Summary views from Pavilion’s Investment Outlook – Q3 2015
Economic Backdrop: Growth remains uneven across countries
The IMF forecasts global GDP growth of 3.3% and 3.8%, for 2015 and 2016, respectively. The expected 2015 growth rate is now slower than growth in 2014. Longer term, pressures from aging populations in advanced economies and slowing productivity growth in emerging economies remain an issue. Nearer term, uncertainties related to the strength of the U.S. dollar and low oil prices have exacerbated already uneven economic growth patterns across countries. Central bank watching remains a favorite pastime.
Equity Market Valuation
U.S. stock market valuations are trading near historic average levels based on trailing 12-month earnings, but trending toward expensive on forward earnings. While valuations are still within normal bands, the Insider Selling/Buying Ratio is near an all-time high – selling remains strong while buying has been flat since late 2012. Canadian equity market valuations appear expensive. By comparison stock market valuations in international developed and emerging market are trading slightly below average levels. Although U.S. stocks look expensive relative to other markets, economic and corporate fundamentals generally are positive. A strong U.S. dollar is proving a headwind for corporate competitiveness and earnings, particularly for large-cap, export oriented companies. Large oil companies are suffering from continued low oil prices as well. Economic momentum is gaining some traction, but China’s rebalancing and the Fed’s move toward policy normalization raises some uncertainties. Given stronger economic growth, improving competitiveness from cheaper currencies, and more favorable valuations, emerging market stocks should perform as well or better than developed market stocks long term, but likely are subject to more volatility.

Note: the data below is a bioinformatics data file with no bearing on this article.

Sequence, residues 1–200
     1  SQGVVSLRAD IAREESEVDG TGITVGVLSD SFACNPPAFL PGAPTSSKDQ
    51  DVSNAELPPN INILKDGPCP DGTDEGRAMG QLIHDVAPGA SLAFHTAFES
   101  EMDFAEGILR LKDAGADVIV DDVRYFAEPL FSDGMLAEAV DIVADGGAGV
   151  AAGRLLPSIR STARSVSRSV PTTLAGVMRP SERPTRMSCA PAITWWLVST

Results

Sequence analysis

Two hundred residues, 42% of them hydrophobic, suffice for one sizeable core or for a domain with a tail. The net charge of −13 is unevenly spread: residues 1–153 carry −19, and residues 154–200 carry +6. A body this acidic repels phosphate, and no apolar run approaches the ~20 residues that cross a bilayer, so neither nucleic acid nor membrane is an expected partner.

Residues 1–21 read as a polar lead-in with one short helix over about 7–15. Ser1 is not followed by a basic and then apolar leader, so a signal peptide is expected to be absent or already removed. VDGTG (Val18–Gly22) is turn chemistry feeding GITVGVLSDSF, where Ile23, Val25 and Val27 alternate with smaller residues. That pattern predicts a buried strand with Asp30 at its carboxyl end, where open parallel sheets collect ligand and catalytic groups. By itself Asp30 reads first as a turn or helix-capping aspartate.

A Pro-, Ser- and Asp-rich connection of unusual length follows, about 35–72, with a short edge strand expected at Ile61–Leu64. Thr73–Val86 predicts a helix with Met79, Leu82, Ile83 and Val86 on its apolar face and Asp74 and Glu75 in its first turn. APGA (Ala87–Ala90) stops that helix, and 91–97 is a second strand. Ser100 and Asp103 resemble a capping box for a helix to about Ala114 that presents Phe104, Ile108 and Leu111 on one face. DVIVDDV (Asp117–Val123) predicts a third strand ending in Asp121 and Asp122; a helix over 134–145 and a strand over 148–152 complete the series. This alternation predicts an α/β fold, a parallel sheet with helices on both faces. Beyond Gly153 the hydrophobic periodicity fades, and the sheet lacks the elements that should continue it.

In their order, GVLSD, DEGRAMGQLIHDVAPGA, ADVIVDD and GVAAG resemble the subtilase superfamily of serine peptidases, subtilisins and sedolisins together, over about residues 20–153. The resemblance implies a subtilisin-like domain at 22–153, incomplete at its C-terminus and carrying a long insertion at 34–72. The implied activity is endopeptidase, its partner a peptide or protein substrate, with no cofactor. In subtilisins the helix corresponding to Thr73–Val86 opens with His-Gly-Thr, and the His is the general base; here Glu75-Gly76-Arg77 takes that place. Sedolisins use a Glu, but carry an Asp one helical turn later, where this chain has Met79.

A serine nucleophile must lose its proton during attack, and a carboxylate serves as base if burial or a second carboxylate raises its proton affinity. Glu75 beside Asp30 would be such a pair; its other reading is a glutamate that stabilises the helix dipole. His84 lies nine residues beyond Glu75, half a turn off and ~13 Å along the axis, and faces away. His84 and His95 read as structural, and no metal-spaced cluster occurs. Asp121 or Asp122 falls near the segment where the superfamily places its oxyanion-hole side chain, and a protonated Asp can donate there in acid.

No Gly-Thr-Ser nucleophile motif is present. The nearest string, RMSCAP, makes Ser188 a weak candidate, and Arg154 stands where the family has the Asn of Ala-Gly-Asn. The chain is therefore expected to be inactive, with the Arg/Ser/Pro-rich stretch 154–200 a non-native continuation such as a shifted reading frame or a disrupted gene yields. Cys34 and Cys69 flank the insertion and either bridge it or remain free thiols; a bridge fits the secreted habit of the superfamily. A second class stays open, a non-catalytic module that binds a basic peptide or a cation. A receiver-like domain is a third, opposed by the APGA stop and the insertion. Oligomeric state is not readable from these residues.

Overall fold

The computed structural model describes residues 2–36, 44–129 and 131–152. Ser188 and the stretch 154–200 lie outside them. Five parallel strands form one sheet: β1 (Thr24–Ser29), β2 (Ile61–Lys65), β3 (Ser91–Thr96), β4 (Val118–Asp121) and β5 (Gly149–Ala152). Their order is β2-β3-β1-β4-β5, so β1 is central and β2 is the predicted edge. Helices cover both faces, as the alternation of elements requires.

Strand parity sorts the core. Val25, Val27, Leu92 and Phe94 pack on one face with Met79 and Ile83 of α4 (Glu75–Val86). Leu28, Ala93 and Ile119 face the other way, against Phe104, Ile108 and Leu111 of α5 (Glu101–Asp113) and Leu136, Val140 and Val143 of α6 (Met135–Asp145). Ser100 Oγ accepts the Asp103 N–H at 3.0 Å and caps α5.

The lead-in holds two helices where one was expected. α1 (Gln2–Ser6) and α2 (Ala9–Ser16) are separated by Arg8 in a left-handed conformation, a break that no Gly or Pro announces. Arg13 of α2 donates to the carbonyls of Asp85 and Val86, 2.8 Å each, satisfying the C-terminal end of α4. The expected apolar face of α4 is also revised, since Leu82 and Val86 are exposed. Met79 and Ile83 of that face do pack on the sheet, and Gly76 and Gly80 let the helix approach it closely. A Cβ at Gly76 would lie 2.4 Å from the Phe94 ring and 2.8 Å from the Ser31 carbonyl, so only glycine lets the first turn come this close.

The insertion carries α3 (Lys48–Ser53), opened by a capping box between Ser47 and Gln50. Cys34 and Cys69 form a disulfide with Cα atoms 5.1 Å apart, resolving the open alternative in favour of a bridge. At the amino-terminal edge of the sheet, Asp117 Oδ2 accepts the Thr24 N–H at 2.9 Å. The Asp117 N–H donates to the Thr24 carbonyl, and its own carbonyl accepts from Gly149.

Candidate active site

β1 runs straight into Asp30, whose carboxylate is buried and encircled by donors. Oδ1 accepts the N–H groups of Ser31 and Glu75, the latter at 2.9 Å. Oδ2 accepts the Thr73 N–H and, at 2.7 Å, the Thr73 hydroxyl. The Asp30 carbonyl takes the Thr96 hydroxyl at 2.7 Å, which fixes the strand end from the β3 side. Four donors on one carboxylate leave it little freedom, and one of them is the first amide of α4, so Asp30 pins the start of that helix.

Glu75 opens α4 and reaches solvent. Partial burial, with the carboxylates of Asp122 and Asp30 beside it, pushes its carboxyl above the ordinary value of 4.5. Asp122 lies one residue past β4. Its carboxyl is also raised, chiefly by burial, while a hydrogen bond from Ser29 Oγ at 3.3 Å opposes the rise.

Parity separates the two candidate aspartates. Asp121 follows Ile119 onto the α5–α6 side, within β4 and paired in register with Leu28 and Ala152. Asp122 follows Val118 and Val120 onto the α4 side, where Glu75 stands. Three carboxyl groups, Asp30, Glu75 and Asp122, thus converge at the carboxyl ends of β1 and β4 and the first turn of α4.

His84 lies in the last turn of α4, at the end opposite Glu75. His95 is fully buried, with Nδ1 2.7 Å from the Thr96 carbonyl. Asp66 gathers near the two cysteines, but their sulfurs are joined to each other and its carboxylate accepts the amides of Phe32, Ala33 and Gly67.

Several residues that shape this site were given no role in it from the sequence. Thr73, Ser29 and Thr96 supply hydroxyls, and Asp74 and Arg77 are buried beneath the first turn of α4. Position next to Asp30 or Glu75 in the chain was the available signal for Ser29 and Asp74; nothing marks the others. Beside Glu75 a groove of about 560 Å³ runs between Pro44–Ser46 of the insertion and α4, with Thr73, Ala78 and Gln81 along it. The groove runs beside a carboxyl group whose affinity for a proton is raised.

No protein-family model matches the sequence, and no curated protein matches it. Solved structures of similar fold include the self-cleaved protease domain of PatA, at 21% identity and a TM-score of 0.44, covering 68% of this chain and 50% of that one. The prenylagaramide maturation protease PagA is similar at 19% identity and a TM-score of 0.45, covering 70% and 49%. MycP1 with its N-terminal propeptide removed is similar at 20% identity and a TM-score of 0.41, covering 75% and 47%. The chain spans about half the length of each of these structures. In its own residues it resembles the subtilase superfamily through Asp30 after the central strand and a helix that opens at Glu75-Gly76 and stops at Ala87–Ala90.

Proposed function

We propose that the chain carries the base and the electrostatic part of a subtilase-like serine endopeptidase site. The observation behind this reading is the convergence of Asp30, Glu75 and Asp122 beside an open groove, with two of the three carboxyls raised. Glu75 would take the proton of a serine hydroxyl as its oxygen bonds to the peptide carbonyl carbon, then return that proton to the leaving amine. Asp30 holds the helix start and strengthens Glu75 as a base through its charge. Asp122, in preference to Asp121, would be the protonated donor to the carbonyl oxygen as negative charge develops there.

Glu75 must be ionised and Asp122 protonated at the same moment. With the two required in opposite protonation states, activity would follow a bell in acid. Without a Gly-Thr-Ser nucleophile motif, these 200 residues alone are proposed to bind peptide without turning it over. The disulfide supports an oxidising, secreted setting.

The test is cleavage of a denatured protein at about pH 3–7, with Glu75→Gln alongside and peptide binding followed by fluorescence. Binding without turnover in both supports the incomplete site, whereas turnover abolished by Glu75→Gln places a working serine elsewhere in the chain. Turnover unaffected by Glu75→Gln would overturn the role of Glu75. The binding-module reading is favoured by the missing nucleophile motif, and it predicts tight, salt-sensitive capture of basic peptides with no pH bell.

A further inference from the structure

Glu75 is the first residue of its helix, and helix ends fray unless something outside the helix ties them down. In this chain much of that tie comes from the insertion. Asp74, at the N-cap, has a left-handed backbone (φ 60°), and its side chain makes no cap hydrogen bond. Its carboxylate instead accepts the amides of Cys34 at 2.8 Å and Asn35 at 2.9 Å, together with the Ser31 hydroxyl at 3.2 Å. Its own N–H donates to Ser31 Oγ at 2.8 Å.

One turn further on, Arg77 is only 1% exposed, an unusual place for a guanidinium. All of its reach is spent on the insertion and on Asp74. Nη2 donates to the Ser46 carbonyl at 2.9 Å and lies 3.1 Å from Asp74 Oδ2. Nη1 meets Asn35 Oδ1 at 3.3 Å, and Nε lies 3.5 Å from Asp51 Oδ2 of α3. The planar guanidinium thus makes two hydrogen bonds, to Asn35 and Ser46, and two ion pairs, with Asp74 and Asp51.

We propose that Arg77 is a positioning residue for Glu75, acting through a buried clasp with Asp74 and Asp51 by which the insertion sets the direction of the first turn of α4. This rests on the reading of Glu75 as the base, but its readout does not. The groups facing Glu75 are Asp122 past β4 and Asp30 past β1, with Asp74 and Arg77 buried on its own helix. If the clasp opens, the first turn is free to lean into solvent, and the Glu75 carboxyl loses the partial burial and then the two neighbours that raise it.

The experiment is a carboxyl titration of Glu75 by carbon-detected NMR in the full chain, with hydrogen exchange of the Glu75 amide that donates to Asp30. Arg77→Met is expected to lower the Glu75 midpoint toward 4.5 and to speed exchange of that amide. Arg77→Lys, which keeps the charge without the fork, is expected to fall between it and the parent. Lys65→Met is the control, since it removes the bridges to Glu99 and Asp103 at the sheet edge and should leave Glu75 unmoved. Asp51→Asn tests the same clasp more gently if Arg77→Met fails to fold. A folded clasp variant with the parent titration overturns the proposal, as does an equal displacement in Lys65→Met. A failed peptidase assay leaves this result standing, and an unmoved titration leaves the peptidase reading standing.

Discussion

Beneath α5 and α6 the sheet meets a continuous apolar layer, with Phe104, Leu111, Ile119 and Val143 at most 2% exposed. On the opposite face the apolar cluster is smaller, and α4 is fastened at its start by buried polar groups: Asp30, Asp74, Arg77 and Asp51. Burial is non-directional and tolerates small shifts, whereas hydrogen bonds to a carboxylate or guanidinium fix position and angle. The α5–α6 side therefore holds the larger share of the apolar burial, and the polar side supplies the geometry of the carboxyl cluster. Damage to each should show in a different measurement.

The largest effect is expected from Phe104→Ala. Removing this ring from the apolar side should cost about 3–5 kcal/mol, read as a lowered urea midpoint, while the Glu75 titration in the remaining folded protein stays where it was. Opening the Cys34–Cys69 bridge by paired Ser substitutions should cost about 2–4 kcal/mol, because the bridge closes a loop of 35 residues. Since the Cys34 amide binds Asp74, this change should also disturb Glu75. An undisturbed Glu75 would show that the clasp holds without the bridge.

Source: Russell cap-weighted indices
Interest rates & Spread Sectors
Projected fixed income returns remain low given the current yield environment. With the exception of the U.S. and the U.K., global growth forecasts for most advanced economies are just about 1.5% and largely will be achieved across much of the world as a result of monetary stimulus that has pushed rates into negative territory, especially after adjusting for inflation. A strong U.S. dollar, low oil prices, and concerns about ramifications for emerging market countries have pushed out projections for an increase in U.S. interest rates to September 2015, with the IMF recommending no movement until 2016. U.S. interest rates are now among the highest in the world.
The search for yield has pushed investment grade and mortgage spreads to historically tight levels. Spreads remain a bit wider than average for below-investment-grade credit and emerging markets. If oil prices remain at current low levels, rising default rates are likely to be concentrated in the energy sector and select energy exporting emerging market countries.
Source: Bloomberg as of July 29, 2015
This is a short summary only. The complete Investment Outlook is a quarterly publication that has more than 30 pages covering multiple asset classes and regions.
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